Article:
Of Sex Abusers and Sex Offenders
Ryan LaMothe
A Christian Nation?
Dave Lindorff
Trump’s Finger on the Button: Why No President Should Have the Authority to Launch Nuclear Weapons
W. T. Whitney
A Bizarre US Pretext for Military Intrusion in South America
Deepak Tripathi
Sex, Lies and Incompetence: Britain’s Ruling Establishment in Crisis 
Howard Lisnoff
Who You’re Likely to Meet (and Not Meet) on a College Campus Today
Roy Morrison
Trump’s Excellent Asian Adventure
John W. Whitehead
Financial Tyranny
Ted Rall
How Society Makes Victimhood a No-Win Proposition
Jim Goodman
Stop Pretending the Estate Tax has Anything to do With Family Farmers
Thomas Klikauer
The Populism of Germany’s New Nazis
Murray Dobbin
Is Trudeau Ready for a Middle East war?
Jeiddy Martínez Armas
Firearm Democracy
Jill Richardson
Washington’s War on Poor Grad Students
Ralph Nader
The Rule of Power Over the Rule of Law
Justin O'Hagan
Capitalism Equals Peace?
Matthew Stevenson
Into Africa: From the Red Sea to Nairobi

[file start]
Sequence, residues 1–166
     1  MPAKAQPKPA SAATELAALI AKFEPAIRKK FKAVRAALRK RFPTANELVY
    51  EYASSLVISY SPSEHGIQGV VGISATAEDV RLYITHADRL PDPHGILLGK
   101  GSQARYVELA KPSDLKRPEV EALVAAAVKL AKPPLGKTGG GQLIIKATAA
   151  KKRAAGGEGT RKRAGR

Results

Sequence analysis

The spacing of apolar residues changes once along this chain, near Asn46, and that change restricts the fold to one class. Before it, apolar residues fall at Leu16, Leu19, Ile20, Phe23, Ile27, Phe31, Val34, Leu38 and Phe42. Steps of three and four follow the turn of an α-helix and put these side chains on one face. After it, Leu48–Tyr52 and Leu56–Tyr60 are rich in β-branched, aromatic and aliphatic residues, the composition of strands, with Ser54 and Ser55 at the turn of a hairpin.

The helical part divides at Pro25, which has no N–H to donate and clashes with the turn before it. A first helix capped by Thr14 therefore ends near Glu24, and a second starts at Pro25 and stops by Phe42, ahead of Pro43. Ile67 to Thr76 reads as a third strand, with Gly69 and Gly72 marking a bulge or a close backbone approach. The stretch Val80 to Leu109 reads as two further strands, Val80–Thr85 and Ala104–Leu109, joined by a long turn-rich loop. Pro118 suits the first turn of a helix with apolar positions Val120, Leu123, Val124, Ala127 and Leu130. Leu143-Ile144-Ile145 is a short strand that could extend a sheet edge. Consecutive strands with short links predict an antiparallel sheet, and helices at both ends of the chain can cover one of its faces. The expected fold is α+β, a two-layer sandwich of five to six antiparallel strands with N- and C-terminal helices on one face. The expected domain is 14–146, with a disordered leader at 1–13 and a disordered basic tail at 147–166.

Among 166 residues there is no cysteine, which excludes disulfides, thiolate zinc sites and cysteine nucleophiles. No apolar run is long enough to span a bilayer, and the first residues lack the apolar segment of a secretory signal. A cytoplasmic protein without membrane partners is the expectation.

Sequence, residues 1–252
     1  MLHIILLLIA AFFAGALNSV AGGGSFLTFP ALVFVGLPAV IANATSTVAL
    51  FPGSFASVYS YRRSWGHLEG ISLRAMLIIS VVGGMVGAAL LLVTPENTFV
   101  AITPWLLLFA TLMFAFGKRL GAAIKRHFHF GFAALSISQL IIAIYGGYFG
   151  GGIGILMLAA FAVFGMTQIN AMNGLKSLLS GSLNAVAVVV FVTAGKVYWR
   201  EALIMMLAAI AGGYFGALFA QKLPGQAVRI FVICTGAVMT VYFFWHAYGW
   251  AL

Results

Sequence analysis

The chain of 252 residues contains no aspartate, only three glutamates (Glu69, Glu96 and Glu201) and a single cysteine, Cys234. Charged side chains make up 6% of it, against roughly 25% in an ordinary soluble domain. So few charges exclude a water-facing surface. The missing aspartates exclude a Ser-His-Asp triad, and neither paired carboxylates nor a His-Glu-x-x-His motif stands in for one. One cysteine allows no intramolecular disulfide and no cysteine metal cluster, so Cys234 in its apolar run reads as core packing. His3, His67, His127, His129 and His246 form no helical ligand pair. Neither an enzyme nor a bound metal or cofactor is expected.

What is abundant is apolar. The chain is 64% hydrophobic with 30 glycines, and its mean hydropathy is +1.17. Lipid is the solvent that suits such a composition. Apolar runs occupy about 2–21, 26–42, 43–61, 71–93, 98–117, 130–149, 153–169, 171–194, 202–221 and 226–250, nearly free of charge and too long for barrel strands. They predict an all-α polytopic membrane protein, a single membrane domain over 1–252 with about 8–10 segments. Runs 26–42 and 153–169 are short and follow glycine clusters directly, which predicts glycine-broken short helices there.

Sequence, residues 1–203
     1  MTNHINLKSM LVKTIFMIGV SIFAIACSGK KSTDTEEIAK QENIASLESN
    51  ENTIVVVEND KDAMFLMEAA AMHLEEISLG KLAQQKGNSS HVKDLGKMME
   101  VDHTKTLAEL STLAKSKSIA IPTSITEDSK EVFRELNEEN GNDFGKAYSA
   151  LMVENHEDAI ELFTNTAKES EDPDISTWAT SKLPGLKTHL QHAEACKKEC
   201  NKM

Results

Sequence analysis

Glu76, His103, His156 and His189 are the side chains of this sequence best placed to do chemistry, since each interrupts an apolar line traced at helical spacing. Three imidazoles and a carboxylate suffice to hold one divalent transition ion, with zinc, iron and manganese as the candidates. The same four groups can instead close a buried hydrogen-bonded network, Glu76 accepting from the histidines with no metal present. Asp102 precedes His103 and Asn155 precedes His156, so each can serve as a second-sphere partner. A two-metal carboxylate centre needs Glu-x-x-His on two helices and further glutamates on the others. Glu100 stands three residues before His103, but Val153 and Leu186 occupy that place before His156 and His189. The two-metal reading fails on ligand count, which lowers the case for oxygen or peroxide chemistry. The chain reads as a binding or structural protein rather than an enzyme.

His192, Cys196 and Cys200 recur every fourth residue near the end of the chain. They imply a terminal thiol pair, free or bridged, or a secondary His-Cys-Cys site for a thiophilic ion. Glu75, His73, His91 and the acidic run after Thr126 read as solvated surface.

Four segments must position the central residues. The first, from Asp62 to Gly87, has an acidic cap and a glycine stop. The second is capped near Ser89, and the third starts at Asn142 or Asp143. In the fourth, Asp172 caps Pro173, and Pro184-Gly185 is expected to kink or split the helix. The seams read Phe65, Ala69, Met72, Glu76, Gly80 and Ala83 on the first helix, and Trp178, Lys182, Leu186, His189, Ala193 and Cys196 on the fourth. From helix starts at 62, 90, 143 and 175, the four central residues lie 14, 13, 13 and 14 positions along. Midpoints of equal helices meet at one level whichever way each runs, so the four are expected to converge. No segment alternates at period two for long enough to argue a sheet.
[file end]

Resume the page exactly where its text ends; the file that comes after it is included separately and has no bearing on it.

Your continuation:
Geoff Dutton
The Company We Sadly Keep
Evan Jones
The Censorship of Jacques Sapir, French Dissident
Linn Washington Jr.
Meek Moment Triggers Demands for Justice Reform
Gerry Brown
TPP, Indo Pacific, QUAD: What’s Next to Contain China’s Rise?
Robert Fisk
The Exile of Saad Hariri
Romana Rubeo - Ramzy Baroud
Anti-BDS Laws and Pro-Israeli Parliament: Zionist Hasbara is Winning in Italy
Robert J. Burrowes
Why are Police in the USA so Terrified?
Chuck Collins
Stop Talking About ‘Winners and Losers’ From Corporate Tax Cuts
Ron Jacobs
Private Property Does Not Equal Freedom
Kollibri terre Sonnenblume
Mass Shootings, Male Toxicity and their Roots in Agriculture
Binoy Kampmark
The Fordist Academic
Frank Scott
Weapons of Mass Distraction Get More Destructive
Missy Comley Beattie
Big Dick Diplomacy
Michael Doliner
Democracy, Real Life Acting and the Movies
Dan Bacher
Jerry Brown tells indigenous protesters in Bonn, ‘Let’s put you in the ground’
Winslow Myers
The Madness of Deterrence
Cesar Chelala
A Kiss is Not a Kiss: Sexual Abuse and Exploitation of Children
Jimmy Centeno
Garcia Meets Guayasamin: A De-Colonial Experience
Stephen Martin
When Boot Becomes Bot: Surplus Population and The Human Face.
Martin Billheimer
Homer’s Iliad, la primera nota roja
Louis Proyect
Once There Were Strong Men
Charles R. Larson
Review: Mike McCormack’s Solar Bones
David Yearsley
Academics Take Flight
FacebookTwitterGoogle+RedditEmail